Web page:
Mexico Passes Bill Regulating Cryptocurrencies and Exchanges – May Soon Be Law

Mexico is close to imposing laws that would clarify the status of cryptocurrencies in the country.

The bill, passed yesterday by Mexico’s Chamber of Deputies, its lower house legislature, needs the signature of President Enrique Pena Nieto before becoming law. It would regulate cryptocurrency exchanges in Mexico, putting them under the purview of the Central Bank, and strengthen anti-money laundering rules.

Additionally, the new law carries restrictions on initial coin offerings in the country, although details are not yet firm on how that would work. The law is currently in general form, and Mexican regulators will begin work on “secondary laws” which will provide morwie detail to the industries.

One change: The Bank of Mexico will have the authority on which coins can be listed on exchanges in the county. The exchanges have one year to comply.

In December, Banco de México and the country’s Ministry of Finance issued a warning in regard to cryptocurrencies and initial coin offerings (ICO).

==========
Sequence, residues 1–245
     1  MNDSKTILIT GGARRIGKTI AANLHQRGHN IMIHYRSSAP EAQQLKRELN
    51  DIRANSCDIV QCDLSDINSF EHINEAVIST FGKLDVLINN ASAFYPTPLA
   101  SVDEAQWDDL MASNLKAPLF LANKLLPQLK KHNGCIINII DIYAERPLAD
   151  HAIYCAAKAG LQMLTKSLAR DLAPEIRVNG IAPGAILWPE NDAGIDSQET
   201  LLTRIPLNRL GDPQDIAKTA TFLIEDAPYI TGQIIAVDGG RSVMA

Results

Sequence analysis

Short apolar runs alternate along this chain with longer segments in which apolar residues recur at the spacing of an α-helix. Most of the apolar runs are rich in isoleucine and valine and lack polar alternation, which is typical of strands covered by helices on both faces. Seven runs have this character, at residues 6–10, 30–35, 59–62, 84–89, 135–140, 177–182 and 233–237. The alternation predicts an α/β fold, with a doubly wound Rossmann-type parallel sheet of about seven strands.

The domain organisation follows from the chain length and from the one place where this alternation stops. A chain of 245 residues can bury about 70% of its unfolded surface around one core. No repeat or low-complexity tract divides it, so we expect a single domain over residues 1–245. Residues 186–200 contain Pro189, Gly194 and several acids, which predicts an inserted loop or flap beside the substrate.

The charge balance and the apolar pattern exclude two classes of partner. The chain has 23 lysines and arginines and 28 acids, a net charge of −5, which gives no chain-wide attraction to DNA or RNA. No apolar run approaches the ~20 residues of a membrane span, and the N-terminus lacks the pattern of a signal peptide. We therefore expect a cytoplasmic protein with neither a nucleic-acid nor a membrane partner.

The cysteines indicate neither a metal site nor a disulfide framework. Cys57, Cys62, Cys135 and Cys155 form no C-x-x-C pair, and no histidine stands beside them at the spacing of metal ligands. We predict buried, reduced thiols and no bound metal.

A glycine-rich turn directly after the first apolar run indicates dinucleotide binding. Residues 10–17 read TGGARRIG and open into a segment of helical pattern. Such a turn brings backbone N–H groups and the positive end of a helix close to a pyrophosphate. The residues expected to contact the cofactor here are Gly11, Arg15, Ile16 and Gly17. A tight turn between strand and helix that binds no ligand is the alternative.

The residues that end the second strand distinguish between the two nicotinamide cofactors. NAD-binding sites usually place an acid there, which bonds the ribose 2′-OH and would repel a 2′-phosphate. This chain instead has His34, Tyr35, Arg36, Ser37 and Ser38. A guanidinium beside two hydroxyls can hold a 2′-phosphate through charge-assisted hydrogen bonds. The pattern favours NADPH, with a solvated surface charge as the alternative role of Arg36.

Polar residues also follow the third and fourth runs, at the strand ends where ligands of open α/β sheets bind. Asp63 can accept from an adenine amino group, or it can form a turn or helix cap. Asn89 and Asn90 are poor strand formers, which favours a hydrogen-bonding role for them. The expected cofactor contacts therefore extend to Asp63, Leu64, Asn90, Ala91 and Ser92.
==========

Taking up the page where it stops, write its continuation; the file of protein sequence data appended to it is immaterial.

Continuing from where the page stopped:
In a joint statement, Mexico’s central bank and finance ministry emphasized that cryptocurrencies are not backed by any monetary authority and do not constitute legal tender in the country. The statement said that, to date, there have been no ICOs originating in Mexico.

“However, depending on their specific characteristics, some ICOs that originate and are emitted in Mexico could violate the Markets and Securities Law and constitute a financial crime,” the statement said. “Given their nature, virtual currencies have shown high volatility, as they are the subject of broad speculative activity.”

The Mexican regulators pointed out that while ICOs may be used in a legitimate manner, the complexity and variety of schemes like ICOs increase the risk of fraud. Therefore, anyone interested in ICOs should be prepared to risk losing their entire investment.

The authorities advised that only investors with extensive experience should consider investing in ICOs and to remain vigilant for signs of fraud.

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